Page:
Can you really learn to be more optimistic?
Have you heard of the term "learned optimism"? Whether you have or not, wouldn't it be great if it were true - that it's possible to learn how to be more optimistic? To explore this idea, let's start at the beginning with the person who first developed the concept.
Martin Seligman and "learned helplessness"
Back in the 1960s the American psychologist Martin Seligman identified a state of mind that he called "learned helplessness". He found that animals and humans that were put in stressful or painful situations over which they had no control soon grew to accept their situation, even when they were given the means to do something about it.
It is the same in life. If you are treated badly as a child and don't have the means to do anything about it, then you can grow up feeling that you will always be helpless to improve your situation. Through his research, Seligman came to see that understanding and believing that you can do things to change your life is the foundation of wellbeing. He called this "learned optimism".
The benefits of optimism
Another leading psychologist, Sonja Ljubomirsky has studied the advantages of optimism - the belief that things will probably turn out well in the end and that you can positively affect the outcome through your own actions. She found conclusive evidence to show that optimistic people tend to have better relationships in love and friendship, are more successful in their work, and are more creative and resilient when things get tough. Optimistic people even tend to live longer: They are less likely to become seriously ill and more likely to recover if they do! Learning to be more optimistic can be a real life changer!
Learning to be optimistic
The key to learning optimism is strongly connected to changing the subconscious beliefs that you have about yourself and the world around you. Seligman calls this process ABCDE:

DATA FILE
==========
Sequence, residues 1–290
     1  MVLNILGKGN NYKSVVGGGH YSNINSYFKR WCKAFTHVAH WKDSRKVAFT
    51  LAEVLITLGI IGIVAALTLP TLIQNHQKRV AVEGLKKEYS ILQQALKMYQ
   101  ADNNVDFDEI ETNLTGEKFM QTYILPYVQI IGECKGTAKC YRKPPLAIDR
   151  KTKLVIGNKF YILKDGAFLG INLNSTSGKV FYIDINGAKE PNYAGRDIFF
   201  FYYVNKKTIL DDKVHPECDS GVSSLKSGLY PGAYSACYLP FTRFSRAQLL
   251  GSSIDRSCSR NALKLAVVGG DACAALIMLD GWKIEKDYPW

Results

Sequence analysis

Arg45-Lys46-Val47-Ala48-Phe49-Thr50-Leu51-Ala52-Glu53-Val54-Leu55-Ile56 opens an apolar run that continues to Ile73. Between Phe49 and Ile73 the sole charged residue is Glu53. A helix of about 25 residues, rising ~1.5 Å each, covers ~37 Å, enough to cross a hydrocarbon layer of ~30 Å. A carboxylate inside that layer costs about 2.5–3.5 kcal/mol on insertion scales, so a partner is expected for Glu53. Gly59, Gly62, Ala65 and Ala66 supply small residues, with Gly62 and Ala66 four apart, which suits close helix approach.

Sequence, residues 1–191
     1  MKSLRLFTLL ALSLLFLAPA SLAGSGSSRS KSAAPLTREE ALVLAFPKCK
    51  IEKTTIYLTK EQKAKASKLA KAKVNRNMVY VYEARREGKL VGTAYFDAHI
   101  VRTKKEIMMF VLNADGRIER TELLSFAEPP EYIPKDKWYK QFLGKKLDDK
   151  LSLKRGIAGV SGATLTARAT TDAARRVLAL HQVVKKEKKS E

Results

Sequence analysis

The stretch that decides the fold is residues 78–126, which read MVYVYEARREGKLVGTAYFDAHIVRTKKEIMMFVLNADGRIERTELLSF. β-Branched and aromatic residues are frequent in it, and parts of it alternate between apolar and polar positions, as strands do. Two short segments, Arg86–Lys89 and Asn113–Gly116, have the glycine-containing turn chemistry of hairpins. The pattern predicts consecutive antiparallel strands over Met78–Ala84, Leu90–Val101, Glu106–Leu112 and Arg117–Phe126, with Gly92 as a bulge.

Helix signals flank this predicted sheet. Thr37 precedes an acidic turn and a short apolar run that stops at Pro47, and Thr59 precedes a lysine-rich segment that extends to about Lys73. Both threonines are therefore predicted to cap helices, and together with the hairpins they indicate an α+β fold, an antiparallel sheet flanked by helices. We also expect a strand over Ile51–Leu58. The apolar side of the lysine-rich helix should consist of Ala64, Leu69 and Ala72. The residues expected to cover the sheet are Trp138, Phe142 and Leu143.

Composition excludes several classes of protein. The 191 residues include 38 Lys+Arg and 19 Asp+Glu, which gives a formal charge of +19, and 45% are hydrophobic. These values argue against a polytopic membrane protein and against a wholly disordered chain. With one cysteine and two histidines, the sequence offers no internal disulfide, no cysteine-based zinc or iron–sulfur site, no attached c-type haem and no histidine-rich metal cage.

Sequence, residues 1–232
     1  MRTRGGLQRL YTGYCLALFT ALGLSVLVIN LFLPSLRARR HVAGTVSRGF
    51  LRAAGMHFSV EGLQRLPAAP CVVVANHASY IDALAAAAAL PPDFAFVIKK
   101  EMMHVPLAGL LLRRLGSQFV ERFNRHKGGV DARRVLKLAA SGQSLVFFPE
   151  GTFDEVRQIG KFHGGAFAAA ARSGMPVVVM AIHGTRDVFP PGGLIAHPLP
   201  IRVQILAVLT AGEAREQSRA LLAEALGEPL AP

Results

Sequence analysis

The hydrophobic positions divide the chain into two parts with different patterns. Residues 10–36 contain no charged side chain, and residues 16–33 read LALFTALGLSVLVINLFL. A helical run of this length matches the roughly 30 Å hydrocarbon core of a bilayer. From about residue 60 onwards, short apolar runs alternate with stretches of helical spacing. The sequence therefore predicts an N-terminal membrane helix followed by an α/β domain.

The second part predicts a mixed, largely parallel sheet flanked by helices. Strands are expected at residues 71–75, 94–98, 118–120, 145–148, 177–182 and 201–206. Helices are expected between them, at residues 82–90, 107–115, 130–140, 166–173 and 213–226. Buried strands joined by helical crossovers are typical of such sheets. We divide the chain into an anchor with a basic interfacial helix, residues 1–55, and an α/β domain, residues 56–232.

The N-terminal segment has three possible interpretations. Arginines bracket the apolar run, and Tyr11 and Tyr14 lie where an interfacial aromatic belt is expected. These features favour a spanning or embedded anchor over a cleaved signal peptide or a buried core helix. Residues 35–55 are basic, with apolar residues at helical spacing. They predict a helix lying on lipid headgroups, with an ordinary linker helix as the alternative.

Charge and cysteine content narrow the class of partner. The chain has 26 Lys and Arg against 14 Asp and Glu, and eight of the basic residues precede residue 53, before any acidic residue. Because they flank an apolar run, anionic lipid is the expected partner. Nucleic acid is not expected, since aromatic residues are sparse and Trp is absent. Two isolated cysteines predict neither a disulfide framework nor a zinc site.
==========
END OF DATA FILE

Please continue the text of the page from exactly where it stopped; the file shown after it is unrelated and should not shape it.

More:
"A" is for adversity - Identifying a particular difficulty in your life.
"B" is for belief - Your ideas about the underlying cause for that difficulty.
"C" is for consequence - Understanding the emotions that belief will trigger.
"D" is for disputation - Identifying what a better belief might look like.
"E" is for energisation - Embedding and celebrating your new belief.
To put it another way, your reaction to any given situation is down to how your brain has been programmed by your life experiences, especially those learned in childhood. But you don't have to be bound by this programme. You are not a computer! With a little time and effort, you can change it!
How coaching can help
Coaching is an ideal way of exploring the difficulties you are facing, whether in business, at work or at home, and coming up with tailor made solutions for your own particular situation. Challenging and then changing any limiting beliefs you may have about yourself is one of the fundamental objectives of coaching. Can you learn to be more optimistic? Yes you can!
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About Paul Hemphill
Paul Hemphill is a Leadership and Wellbeing coach who specialises in bringing a positive psychology approach to his coaching. Over the last five years he has helped literally hundreds of clients to restart their lives, develop new levels of confidence, change careers, improve their work-life balance, or become better leaders and managers.